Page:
WHITETHORNE, Va. (AP) — The cows haven't moved into the new Kentland Farm dairy science production facility yet, but plenty of people showed up on July 17 to see the new home of Virginia Tech's milking herd.
State cattle farmers and the commonwealth's agriculture secretary celebrated the opening of the university's $14 million dairy facility with speeches, tours of the as yet pristine milking parlor and freestall barn, as well as with eating free ice cream and smoked beef brisket.
In welcoming the assembly, Tech Dairy Science Department Chairman Mike Akers invoked the university's 143 years of dairy education and research — from the dairy classes all agriculture students were required to take beginning in the 1870s at Virginia Agricultural & Mechanical College to the milk the university sent to Jamestown in 1907 for the 300th anniversary of European settlement.
"Today represents another milestone in our rich and storied history that ensures our department will be a vital part, not only of Virginia Tech, but of the commonwealth and its dairy industry for years to come," Akers said.
The event was held in conjunction with the annual meeting of the Virginia State Dairymen's Association and the Virginia Cattlemen's Association, as well as with the state's dairy exposition. Tech's dairy department and Virginia Cooperative Extension service work closely with the commonwealth's beef and dairy industries.
Akers told the gathering that the research done at Kentland and at three new research and teaching facilities set to be constructed on campus beginning next year will lead to improvements in dairy cow genetics, feed selection, health care and management techniques.
All of this will help "increase yields and boost health," Akers said.
Tech President Timothy Sands called the opening a proud day for the university.
"We're investing in this facility and facilities like the recently completed Human and Agriculture Biosciences Building because this work is a vital part of Virginia Tech's mission and our vision for the future," Sands said. "Agriculture is at the forefront of some of the greatest challenges and opportunities: Feeding a growing population, protecting and advancing Virginia's strong agricultural economy and ensuring food safety and security."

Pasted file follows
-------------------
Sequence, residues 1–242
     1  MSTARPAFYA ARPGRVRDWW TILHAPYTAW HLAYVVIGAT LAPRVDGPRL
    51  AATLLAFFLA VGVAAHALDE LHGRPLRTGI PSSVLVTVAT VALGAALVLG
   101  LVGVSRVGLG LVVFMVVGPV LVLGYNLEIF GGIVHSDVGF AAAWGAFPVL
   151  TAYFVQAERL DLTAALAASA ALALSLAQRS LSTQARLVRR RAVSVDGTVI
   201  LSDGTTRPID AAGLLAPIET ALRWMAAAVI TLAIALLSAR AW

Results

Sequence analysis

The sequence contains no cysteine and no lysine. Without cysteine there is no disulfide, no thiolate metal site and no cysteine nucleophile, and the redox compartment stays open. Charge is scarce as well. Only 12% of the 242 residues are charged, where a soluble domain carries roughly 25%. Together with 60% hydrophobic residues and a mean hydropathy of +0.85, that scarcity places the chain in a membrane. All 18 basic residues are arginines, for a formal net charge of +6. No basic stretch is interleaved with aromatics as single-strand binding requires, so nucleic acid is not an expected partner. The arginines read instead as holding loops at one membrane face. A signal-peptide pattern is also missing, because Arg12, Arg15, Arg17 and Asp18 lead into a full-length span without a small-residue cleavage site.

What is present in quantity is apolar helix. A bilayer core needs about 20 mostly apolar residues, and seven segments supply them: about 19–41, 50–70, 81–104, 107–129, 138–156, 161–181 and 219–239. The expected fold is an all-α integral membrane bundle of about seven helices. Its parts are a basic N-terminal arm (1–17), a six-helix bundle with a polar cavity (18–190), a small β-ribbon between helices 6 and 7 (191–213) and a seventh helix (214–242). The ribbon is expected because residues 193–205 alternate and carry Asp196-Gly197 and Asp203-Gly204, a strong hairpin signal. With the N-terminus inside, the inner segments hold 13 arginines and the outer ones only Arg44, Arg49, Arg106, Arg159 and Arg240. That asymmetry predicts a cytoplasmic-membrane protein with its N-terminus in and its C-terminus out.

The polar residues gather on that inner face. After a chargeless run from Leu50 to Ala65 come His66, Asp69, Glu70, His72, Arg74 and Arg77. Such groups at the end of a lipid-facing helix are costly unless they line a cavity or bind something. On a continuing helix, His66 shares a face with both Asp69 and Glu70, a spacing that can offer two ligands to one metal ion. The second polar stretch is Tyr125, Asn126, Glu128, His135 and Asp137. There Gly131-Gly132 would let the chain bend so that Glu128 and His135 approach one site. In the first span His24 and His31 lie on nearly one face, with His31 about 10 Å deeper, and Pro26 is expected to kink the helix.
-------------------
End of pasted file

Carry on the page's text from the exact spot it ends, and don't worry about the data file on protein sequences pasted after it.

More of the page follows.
Virginia Secretary of Agriculture and Forestry Todd Haymore told the assembly the event bodes well for the overall state economy.
"A project like this is very, very important to everything we're trying to do in the governor's office . promoting economic development in agriculture and forestry products all around the world," Haymore said. "The research that's conducted here at Kentland Farm, Virginia Tech and at our other land grant is incredibly important and helps you produce the highest quality, highest yielding overall best products at the most efficient manner you can."
Agriculture is the largest private sector industry in the state, producing $52 billion in economic activity and employing about 300,000 people statewide, Haymore said. Of that impact, dairy accounts for about $400 million in state revenues, and beef for about $500,000.
"What's going to go on here (at Kentland) is going to help us ... create this new Virginia economy that's less reliant on federal dollars and more reliant on good old-fashioned jobs and economic development from the private sector, and particularly agriculture right here at home in Virginia," Haymore said.
Recent state budget woes have been partly blamed on federal sequestration, which affects military and other federal spending in the state.
Akers said that Tech's 500-head dairy herd could be moved in to Kentland as soon as Aug. 3. The herd produces about 1,800 gallons of milk per day, which is sold under contract to the Virginia prison system. After processing, Tech's dining services buys back some of that milk to serve to students on campus.
The animals and facilities are being relocated to make way for a slate of major construction projects that will transform what has been dairy department land at Southgate Drive since at least the 1950s to a new entrance to the university.
The projects include a $47 million Virginia Department of Transportation effort to relocate and redesign the Southgate Drive interchange with U.S. 460 and a $15 million expansion of the Virginia Tech Montgomery Executive Airport that will also move Tech Center Drive. A third project, the $175 million, 95-acre phase two of Tech's Corporate Research Center is expected to accommodate 100 companies and employ up to 2,500 people over the next 20 years.